Cigarettes Remain Dominant in C-Stores

cigarettesCigarettes have long been a staple at U.S. convenience stores, accounting for billions in pack and carton sales and boosting the profits from the average smoker’s market basket.

For 2012, total cigarette sales in convenience stores totaled more than $52 billion, down a slight 1.68%. Units sold slipped 2.05% to 8.75 billion.

While sales may be down, the value of cigarette customers to the convenience store industry cannot be overstated. According to MSA and Paradigm Sample’s Convenience Consumer Insights Panel (cciPanel), approximately 30% of tobacco customers reported that they visit a convenience store at least four times a week to purchase cigarettes. An additional one-third visit at least 2-3 times a week. So while cigarette sales may be slipping, visits to the c-store by tobacco customers remains strong, and that provides a steady opportunity to boost the market basket.

In an effort to learn the price tier of smokers’ preferred cigarette brands, cciPanel participants were asked: “How would you classify the type of cigarettes you buy most often?”

Among cigarette buyers, three-quarters described the cigarettes that they most often purchase as premium-priced brands. Given the vast majority of cigarettes are planned purchases, an understanding of brand preferences is beneficial to tobacco retailers in terms of managing SKU assortment and stocking preferred brands to satisfy their customers.

Regulation Concerns
There are currently two federal lawsuits challenging the Food and Drug Administration’s (FDA) graphic cigarette health warning labels. Both lawsuits were appealed to different U.S. Circuit Courts of Appeal with the Six Circuit Court upholding the graphic warning labels as being constitutional and the District of Columbia Circuit Court ruling that the graphic warnings are unconstitutional.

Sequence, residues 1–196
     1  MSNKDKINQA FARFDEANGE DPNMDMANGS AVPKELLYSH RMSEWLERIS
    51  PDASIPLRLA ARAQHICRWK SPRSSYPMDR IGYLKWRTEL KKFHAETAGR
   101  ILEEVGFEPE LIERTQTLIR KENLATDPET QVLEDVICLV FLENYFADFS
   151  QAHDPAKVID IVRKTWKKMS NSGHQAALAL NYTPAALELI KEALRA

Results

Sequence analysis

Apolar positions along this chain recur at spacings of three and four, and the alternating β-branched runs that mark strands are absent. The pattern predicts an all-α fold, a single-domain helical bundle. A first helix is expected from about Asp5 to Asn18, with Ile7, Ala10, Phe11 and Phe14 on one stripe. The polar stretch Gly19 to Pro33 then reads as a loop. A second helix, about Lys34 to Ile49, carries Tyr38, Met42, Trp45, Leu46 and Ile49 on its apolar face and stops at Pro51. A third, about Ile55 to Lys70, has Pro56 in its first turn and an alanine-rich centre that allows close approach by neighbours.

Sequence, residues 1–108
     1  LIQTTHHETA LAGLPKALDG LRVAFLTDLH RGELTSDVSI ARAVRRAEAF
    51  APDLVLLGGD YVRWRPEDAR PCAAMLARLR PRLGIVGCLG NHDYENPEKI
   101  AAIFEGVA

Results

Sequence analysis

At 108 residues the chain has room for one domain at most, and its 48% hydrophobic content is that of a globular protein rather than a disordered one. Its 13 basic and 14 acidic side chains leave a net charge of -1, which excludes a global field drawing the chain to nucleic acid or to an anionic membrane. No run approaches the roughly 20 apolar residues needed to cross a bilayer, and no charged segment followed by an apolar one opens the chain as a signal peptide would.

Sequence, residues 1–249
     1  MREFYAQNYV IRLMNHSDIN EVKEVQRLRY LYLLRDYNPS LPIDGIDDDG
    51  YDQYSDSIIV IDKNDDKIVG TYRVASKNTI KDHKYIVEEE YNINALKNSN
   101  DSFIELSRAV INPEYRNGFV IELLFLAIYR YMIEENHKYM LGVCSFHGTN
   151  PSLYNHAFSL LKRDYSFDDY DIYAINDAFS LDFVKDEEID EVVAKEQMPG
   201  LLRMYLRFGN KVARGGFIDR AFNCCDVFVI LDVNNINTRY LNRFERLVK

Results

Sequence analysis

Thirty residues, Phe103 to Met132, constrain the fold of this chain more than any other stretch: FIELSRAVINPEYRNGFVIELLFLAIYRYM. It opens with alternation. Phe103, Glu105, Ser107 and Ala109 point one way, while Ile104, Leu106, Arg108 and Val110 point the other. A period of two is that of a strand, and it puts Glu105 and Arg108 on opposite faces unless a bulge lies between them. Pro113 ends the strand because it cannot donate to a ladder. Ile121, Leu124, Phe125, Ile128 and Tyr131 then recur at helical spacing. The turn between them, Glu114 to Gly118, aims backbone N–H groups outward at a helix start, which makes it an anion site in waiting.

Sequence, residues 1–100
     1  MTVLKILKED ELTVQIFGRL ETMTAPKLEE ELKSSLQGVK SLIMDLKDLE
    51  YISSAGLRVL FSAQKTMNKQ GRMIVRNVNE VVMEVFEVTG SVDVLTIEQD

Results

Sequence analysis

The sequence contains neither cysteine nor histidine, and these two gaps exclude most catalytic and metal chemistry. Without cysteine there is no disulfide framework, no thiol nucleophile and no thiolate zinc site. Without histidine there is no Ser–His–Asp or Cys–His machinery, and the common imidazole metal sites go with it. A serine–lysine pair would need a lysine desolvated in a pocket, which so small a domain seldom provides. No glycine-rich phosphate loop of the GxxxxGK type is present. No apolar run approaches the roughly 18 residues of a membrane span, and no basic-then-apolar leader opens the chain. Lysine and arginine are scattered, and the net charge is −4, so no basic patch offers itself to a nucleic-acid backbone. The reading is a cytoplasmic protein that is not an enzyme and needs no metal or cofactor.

“In short, we have what is known as a ‘conflict between the circuits’ with two different U.S. Circuit Courts of Appeal making seemingly contradictory rulings on the same issue,” said Thomas Briant, executive director of the National Association of Tobacco Outlets (NATO).

When it comes to formulating a tobacco strategy, retailers should continue engaging consumers about cigarettes. “Price is the biggest challenge, and waiting on buy downs that are getting better due to time and direct deposit,” said Amer Hawatmeh, president and CEO of St. George Oil, which operates Coast to Coast
convenience stores.

Hawatmeh firmly believes that the restrictions will actually help ameliorate the effects among consumers. “We have absolutely no control over it. Ultimately, the consumer is going to have to get used to it.”


Speak Your Mind